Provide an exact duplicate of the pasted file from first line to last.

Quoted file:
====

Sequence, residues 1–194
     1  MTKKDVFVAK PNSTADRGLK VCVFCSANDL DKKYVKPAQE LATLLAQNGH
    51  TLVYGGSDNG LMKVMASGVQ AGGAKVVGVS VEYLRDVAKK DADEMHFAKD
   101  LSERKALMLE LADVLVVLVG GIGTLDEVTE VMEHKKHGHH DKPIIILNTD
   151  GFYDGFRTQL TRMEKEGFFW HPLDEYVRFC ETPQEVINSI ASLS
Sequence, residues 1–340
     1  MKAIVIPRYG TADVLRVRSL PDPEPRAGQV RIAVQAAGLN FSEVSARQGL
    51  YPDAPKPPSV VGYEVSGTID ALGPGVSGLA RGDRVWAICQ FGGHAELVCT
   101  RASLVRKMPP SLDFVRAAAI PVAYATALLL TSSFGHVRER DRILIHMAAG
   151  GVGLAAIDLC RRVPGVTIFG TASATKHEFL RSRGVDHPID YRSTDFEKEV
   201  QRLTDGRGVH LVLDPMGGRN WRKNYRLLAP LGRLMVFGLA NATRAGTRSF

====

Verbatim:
Sequence, residues 1–194
     1  MTKKDVFVAK PNSTADRGLK VCVFCSANDL DKKYVKPAQE LATLLAQNGH
    51  TLVYGGSDNG LMKVMASGVQ AGGAKVVGVS VEYLRDVAKK DADEMHFAKD
   101  LSERKALMLE LADVLVVLVG GIGTLDEVTE VMEHKKHGHH DKPIIILNTD
   151  GFYDGFRTQL TRMEKEGFFW HPLDEYVRFC ETPQEVINSI ASLS
Sequence, residues 1–340
     1  MKAIVIPRYG TADVLRVRSL PDPEPRAGQV RIAVQAAGLN FSEVSARQGL
    51  YPDAPKPPSV VGYEVSGTID ALGPGVSGLA RGDRVWAICQ FGGHAELVCT
   101  RASLVRKMPP SLDFVRAAAI PVAYATALLL TSSFGHVRER DRILIHMAAG
   151  GVGLAAIDLC RRVPGVTIFG TASATKHEFL RSRGVDHPID YRSTDFEKEV
   201  QRLTDGRGVH LVLDPMGGRN WRKNYRLLAP LGRLMVFGLA NATRAGTRSF